Summary: Christianity in a postmodern world.

I hope to come to you soon, but I am writing these things to you so that, if I delay, you may know how one ought to behave in the household of God, which is the church of the living God, a pillar and buttress of truth.


During Paul’s second missionary journey (a mission that eventually took him to Greece) he added Timothy, whom he met in Lystra, to his missionary entourage. Following Paul’s release from Roman imprisonment and further mission to the east, he left Timothy behind at Ephesus to continue the apostle’s work with that fledgling church. Though there was more to be done, Paul had already spent an extended time in the region of Ephesus and he was resolved in the Spirit to continue on to Macedonia. It was Paul’s concern for the Ephesian church that prompted him to leave Timothy at Ephesus, thus providing them with sound leadership (1 Timothy 1.3-7). Paul realized that false doctrinal teaching might easily corrupt the thinking of new converts. This concern is voiced in the following section of his letter: Now the Spirit expressly says that in later times some will depart from the faith by devoting themselves to deceitful spirits and teachings of demons, through the insincerity of liars whose consciences are seared, who forbid marriage and require abstinence from foods that God created to be received with thanksgiving by those who believe and know the truth (1 Timothy 4.1-3).


Though Paul hoped to come to Timothy soon he has given him some basic instructions in case he was delayed. Paul’s instructions may have been things that Timothy already knew, but Paul intends to give him apostolic support and encouragement to persevere, thereby providing the leadership that is sorely needed in this logistically important church. In 1 Timothy 3.1-13 Paul instructs Timothy about the character traits of godly leadership. The overseers of the household of God (the church) are responsible to guard the souls of those who have been entrusted to them (1 Timothy 4.16; cp. Acts 20.28). The purpose of his writing is to insure that Timothy instructs the household of God to behave in a proper manner. Such behavior is to be expected from those who have been entrusted with the truth about the work and person of Jesus Christ. Indeed, the church of the living God is a pillar and buttress of truth. In the following hymnic statement Paul identifies six things that pertain to Christ. As members of the household of God it is incumbent on everyone to understand something about the work and person of Jesus Christ. After all, it is God who is at work in the life of every believer (Philippians 2.13). God is alive and so is the church!


Paul introduces the work and person of Christ with the emphatic statement: Great indeed, we confess, is the mystery of godliness. Without confessing Christ as savior there can be no salvation. The confession that Jesus is Lord and savior is a necessary requirement of salvation. As Paul writes: if you confess with your mouth that Jesus is Lord and believe in your heart that God raised him from the dead, you will be saved. For with the heart one believes and is justified, and with the mouth one confesses and is saved (Romans 10.9-10). With the revelation that Jesus is the Christ, the last word of salvation history has been uttered. Previously, no one completely understood how God would fulfill his covenant promises. It was a mystery of sorts that had been long hidden. Then, at just the right moment (Galatians 4.4), God’s plan was made clear to everyone (Romans 16.25; Ephesians 3.1-13; Colossians 1.24-2.3). Of course, Paul is not using the phrase, the mystery of godliness, in a proto-Gnostic or cultic sense. Some of Paul’s contemporaries were members of mystery cults, which taught that “salvation” was available only to the initiates of the mystery cult. The events surrounding the birth of Christianity, by way of contrast, were public knowledge. Indeed, everything about Jesus’ life and ministry was attested publicly. However, what was witnessed by all (Acts 26.26) was received through faith only by the elect: The natural person does not accept the things of the Spirit of God, for they are folly to him, and he not able to understand them because they are spiritually discerned (1 Corinthians 2.14).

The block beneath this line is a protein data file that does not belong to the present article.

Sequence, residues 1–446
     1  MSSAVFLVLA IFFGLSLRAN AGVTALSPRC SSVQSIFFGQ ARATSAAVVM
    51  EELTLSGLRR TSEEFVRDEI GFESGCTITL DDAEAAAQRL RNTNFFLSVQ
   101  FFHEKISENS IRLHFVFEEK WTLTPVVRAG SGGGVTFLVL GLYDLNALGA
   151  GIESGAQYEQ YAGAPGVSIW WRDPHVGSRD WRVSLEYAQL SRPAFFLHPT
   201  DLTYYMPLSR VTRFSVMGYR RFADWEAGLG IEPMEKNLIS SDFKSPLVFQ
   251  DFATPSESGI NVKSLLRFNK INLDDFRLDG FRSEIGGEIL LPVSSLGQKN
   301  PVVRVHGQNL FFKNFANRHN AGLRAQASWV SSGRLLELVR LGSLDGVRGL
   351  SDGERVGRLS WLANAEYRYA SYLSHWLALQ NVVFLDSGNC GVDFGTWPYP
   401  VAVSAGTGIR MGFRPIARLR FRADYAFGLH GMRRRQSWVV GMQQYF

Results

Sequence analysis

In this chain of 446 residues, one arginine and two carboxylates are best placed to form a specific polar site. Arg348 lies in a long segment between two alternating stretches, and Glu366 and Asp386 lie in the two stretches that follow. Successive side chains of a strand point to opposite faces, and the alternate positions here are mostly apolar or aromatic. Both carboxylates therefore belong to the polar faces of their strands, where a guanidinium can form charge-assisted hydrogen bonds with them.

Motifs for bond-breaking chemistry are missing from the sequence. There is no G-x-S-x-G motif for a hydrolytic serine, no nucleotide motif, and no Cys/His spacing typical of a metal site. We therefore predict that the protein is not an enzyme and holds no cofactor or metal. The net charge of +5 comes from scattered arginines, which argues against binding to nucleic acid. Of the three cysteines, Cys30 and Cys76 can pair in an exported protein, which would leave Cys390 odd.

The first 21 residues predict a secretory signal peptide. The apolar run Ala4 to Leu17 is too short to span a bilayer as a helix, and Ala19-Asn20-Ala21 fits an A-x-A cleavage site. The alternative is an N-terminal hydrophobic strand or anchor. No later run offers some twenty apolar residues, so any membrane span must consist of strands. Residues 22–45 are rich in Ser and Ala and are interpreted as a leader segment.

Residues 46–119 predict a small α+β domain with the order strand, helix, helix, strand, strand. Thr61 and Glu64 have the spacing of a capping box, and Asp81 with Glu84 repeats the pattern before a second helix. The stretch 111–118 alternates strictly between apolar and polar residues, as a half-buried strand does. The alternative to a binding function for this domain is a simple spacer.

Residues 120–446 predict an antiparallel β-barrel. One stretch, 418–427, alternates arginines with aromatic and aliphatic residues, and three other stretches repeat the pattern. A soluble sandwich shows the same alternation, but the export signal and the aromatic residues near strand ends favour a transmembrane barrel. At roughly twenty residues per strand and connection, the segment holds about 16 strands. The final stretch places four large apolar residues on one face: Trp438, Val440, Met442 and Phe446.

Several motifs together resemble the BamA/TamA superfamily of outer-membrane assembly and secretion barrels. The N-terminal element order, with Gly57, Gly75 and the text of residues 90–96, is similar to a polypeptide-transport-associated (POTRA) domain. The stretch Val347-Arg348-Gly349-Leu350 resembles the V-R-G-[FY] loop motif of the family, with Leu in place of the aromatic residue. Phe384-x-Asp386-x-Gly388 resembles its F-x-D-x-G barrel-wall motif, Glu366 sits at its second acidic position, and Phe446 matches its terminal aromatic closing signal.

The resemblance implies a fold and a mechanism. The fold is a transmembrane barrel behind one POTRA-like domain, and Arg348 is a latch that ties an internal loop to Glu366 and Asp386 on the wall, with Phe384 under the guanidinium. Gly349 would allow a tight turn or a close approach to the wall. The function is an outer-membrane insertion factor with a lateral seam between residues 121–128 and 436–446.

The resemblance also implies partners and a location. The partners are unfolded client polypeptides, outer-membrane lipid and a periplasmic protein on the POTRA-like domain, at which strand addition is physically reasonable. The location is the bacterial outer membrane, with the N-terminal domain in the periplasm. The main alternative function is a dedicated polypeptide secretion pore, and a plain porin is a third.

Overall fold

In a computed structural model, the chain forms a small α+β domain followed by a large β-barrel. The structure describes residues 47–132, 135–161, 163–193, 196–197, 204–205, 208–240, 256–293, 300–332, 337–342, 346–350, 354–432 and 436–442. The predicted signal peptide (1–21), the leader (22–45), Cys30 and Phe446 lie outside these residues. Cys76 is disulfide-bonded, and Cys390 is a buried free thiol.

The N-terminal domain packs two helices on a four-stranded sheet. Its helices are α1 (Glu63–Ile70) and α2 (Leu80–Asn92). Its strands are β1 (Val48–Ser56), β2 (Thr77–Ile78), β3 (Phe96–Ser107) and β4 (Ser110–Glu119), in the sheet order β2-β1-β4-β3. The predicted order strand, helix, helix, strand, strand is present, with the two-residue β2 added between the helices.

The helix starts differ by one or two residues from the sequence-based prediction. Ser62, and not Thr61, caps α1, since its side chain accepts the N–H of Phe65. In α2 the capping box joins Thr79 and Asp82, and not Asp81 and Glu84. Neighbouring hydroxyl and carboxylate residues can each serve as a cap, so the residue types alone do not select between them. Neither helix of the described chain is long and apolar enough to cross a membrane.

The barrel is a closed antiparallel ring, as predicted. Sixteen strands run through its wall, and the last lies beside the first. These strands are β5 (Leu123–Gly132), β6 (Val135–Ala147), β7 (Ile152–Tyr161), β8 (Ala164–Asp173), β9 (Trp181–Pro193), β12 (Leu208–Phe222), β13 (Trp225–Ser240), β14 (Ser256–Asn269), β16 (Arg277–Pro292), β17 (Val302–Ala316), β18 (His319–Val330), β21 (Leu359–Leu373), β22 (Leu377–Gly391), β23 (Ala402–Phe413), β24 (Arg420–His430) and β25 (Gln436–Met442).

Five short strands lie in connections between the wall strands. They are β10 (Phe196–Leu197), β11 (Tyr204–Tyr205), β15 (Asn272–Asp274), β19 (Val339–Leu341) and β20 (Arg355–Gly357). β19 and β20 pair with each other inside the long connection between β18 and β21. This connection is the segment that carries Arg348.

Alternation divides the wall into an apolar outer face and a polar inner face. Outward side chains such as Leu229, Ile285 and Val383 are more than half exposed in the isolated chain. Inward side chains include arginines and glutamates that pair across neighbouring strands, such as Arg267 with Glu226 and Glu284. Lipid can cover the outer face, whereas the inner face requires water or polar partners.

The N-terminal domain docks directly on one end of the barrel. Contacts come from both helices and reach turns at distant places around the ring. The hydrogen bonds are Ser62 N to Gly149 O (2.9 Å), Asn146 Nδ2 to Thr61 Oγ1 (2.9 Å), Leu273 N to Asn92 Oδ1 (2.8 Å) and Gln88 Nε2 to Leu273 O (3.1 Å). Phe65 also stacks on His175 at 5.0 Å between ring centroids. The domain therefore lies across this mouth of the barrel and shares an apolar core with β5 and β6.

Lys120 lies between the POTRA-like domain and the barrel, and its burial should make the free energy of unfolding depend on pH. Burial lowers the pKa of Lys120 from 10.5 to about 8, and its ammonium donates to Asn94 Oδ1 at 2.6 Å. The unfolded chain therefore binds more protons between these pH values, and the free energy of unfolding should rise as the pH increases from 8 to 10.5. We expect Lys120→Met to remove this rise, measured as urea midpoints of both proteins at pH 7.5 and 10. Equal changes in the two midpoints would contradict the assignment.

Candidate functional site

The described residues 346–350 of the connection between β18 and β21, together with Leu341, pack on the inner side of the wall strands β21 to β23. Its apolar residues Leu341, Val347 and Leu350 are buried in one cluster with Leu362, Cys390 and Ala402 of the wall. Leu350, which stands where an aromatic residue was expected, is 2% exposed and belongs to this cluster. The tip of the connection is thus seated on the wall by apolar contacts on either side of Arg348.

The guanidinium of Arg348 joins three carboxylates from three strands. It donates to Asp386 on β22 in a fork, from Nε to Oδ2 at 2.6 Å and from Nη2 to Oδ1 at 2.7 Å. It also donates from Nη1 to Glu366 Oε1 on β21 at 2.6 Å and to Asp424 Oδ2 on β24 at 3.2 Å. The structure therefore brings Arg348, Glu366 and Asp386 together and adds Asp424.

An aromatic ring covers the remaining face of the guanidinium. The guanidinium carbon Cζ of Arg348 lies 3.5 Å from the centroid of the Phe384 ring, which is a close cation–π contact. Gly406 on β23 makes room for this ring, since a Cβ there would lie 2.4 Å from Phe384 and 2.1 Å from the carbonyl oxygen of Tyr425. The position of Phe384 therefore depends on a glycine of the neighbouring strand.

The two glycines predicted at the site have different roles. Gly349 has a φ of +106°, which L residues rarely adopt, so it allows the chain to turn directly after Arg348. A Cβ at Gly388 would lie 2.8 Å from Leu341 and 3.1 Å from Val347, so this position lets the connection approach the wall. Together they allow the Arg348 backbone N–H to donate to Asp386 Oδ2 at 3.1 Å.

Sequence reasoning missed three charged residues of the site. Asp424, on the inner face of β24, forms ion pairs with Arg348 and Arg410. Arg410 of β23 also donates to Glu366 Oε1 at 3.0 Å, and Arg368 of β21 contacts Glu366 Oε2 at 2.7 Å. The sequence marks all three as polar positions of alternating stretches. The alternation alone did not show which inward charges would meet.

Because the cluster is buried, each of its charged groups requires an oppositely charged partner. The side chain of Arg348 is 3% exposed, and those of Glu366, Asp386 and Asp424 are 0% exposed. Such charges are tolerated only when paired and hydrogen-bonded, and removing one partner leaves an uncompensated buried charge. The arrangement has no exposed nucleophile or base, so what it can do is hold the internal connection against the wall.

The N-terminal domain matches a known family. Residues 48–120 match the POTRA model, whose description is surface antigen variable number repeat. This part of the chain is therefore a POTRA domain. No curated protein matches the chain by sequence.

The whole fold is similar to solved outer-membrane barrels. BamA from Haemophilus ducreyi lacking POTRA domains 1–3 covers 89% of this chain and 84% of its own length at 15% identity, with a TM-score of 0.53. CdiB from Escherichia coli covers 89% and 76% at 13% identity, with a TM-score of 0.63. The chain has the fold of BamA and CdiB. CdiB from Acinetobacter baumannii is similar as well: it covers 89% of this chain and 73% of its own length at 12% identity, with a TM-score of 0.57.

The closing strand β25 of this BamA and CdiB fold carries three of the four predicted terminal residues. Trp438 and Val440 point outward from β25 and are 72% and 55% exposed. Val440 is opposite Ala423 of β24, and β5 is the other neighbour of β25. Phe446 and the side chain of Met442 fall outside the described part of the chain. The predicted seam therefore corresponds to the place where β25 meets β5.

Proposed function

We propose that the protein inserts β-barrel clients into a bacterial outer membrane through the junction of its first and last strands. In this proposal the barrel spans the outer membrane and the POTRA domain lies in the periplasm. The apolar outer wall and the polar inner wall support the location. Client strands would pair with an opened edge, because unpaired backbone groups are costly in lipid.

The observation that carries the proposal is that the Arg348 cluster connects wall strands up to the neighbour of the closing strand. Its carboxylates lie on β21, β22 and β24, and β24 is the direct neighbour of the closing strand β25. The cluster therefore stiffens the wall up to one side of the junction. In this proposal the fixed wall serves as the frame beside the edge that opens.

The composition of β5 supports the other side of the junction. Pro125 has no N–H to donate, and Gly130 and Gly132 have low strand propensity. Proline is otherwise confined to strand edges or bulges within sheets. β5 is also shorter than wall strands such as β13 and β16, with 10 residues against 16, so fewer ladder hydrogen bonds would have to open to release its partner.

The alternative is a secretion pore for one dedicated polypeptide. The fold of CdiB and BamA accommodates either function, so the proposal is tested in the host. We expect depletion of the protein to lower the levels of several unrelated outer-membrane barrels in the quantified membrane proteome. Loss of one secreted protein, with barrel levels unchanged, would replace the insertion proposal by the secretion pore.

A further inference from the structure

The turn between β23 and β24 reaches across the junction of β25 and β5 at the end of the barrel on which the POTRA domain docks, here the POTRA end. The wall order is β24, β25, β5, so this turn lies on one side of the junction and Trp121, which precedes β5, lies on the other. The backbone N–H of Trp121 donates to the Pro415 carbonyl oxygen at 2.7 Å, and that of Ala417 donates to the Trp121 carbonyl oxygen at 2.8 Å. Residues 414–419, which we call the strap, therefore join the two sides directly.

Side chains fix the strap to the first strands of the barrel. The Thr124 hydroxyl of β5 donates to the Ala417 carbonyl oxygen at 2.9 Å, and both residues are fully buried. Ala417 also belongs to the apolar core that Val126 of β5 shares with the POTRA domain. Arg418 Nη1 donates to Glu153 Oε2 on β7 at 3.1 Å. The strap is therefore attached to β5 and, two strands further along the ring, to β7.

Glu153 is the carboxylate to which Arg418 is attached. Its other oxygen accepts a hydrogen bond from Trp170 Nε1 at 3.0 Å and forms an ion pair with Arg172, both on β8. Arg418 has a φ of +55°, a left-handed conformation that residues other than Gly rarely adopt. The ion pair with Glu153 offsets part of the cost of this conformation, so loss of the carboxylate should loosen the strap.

Paul’s sixfold statement regarding Christ was probably an often repeated liturgical affirmation of the work and person of Christ. Whether it was hymnic or creedal in its origin is a matter of debate. The section begins with a relative pronoun, which indicates it has an antecedent in a section of a liturgical document not included by Paul, though the subject matter of the section suggests it had reference to Christ. That Paul is referring to Christ is not debated, but precisely how these six lines are to be connected has not been universally agreed upon. It is not unreasonable however, to view the six lines as three couplets dealing with the revelation of Christ, the proclamation of Christ and the reception of Christ.

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